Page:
I particularly enjoyed Pia Tafdrup's poems about her father's dementia. Such beautiful simple yet organic things, memories of childhood chiefly, beautifull translated by David McDuff.

Indian audiences are quite quiet. A brief ripple of applause is the equivalent of a rapturous reception, and silence is good too because people are listening. And people really do listen very hard here. It is very flattering to us all.

Let me now split this post into two....

Thursday 20 March 2014

Sabad - World Poetry Festival, Delhi 1

René who frisked me at Heathrow

It's some twelve days since I last posted though there would have been much to post about - just too busy, getting things done on time.

I am in New Delhi a day before the start of the World Poetry Festival, to which I will link just once here.  It is a great privilege to be invited and an even greater one to be chosen to give the Inaugural Speech tomorrow morning. It wasn't an honour I was looking for and it is a little awing, but I wrote something this afternoon that might be OK. Having spoken it,  I am due to read for about 15 minutes. The full session will begin after lunch.

I have been in Delhi before, maybe three-four times in all, the first time for Katha, then after for the marvellous Almost Island conferences that has had guests such as Bei Dao, Claudio Magris and, this year, László Krasznahorkai. Those event were at the IIC, near the Lodhi Gardens. This will be at the Meghdoot Theatre Complex which, I am told, is only a few minutes from this hotel.

Delhi is bright and sunny. It is about 29C so I have dressed lightly for it. I have also brought a lot of books, as requested, to give and display. It was a night flight on Air India, which is comfortable enough, though not great on food, or technical things (my screen wasn't working) nor particularly attentive in terms of staff, but it's good enough for everyone else and it's good enough for me. Sleeping is always a problem and was this time. I had my Kindle and carried on reading Zweig and maybe slept for two or three hours.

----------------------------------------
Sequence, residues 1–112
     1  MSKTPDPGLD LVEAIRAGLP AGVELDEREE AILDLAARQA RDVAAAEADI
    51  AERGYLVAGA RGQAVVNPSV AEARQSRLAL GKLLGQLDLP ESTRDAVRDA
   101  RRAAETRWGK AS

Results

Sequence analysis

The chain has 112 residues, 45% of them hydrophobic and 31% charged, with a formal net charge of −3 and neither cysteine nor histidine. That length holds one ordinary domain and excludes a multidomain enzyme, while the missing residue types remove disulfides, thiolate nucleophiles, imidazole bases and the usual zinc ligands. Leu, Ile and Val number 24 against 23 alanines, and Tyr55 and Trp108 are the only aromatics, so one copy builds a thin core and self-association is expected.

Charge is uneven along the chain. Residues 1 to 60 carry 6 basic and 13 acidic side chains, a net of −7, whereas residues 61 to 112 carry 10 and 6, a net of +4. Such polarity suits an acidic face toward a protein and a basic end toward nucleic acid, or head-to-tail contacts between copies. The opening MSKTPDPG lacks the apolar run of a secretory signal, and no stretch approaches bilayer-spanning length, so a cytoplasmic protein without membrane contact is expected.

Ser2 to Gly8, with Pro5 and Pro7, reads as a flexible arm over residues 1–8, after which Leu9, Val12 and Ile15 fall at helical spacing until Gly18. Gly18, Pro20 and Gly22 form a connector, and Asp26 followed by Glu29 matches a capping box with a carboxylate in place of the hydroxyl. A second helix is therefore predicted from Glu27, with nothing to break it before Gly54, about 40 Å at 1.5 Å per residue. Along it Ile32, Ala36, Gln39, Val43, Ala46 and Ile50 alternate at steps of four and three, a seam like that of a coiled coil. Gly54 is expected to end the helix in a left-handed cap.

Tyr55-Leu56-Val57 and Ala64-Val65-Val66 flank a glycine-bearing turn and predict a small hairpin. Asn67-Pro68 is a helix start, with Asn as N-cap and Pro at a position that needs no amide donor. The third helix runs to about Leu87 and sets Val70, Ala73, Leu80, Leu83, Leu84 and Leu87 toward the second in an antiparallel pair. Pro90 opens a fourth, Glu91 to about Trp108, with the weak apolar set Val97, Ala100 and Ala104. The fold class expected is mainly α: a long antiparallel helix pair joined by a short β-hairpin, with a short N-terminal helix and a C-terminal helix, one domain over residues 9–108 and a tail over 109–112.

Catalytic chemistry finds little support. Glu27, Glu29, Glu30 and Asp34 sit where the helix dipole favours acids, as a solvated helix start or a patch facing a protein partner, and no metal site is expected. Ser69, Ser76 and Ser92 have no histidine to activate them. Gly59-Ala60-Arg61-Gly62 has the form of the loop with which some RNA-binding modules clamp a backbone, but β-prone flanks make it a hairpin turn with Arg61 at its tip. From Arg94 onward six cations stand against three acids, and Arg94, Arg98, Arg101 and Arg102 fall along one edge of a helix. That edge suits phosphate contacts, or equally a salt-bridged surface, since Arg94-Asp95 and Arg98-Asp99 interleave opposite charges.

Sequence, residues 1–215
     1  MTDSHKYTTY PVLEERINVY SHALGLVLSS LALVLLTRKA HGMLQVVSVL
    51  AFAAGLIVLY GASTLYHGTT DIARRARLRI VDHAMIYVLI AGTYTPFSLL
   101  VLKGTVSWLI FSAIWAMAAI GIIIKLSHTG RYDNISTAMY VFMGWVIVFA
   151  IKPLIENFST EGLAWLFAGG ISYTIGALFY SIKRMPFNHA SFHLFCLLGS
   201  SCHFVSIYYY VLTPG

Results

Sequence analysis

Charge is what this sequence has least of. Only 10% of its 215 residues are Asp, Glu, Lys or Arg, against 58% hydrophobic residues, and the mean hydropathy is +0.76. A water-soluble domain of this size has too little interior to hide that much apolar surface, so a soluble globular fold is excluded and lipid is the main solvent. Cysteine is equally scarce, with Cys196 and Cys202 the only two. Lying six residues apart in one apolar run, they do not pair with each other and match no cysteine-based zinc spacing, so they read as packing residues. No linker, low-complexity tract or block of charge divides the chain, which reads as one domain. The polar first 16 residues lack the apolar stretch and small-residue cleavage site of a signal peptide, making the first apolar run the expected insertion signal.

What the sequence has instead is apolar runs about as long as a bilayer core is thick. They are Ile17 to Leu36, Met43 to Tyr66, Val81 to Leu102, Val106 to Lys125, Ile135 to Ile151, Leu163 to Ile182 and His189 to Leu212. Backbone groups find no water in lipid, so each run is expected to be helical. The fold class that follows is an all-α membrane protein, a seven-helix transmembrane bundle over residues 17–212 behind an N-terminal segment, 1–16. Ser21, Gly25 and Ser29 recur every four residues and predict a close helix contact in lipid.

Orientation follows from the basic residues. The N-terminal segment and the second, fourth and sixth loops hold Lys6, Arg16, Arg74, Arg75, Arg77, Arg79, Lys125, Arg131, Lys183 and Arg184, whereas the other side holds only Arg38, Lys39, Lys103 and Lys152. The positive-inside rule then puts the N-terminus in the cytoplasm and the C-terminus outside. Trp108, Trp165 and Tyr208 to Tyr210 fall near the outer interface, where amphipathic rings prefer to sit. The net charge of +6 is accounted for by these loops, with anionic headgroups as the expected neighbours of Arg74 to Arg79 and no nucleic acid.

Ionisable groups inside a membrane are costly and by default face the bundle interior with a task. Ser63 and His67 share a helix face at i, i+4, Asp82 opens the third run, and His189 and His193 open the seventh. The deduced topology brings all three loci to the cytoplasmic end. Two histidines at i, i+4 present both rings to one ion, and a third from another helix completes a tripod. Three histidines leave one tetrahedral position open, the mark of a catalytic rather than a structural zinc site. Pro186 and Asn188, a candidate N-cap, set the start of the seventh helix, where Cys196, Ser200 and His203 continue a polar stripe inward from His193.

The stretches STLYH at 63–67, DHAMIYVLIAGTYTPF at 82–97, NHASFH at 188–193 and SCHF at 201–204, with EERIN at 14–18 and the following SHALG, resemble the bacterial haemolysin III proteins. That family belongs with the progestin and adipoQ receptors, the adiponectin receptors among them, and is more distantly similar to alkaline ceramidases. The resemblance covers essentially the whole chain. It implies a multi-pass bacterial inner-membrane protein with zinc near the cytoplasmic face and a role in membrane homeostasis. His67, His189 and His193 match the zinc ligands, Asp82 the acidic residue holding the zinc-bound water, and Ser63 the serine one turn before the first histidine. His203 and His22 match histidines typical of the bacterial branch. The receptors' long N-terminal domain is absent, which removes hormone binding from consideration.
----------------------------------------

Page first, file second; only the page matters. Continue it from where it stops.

I was met at the airport by the kindly librarian of the academy and driven to the hotel. Security is quite high here in a gestural sort of way. On entering the hotel I was  nominally frisked with a detection device waved respectfully in my direction. Back at Heathrow, boarding, I was frisked with a brisk, antagonistic thoroughness by a man with a comic moustache rather like René in 'Allo 'Allo, (see above). He must have had a toothache. Then something in my hand luggage (I bet it was the Kindle) caused it to be searched and passed through security again.  I was clean. I generally am.

Going to a festival anywhere is like entering a different time zone on a different mental planet. It is a little like being thrown into a pool. Once you are in you are in, and the mind has to be fully engaged or else it drowns. Everything is denser, everything more intense.

This one is organised by the Ministry of Culture and the Sahitya Akademi. I am not sure what difference that will make, but we shall see.

Saturday 8 March 2014

Back to Walt: Back to Breaking Bad

Walter White / Vince Gilligan

There was much more I wanted to think and say about this remarkable production but needed to finish watching it first, which I have now done. You may think that is obvious and that I should have waited with those other earlier posts but I was excited not only by the story, the script, the characters, the acting, and the direction, but by the ideas that animated it and the ideas it started in me.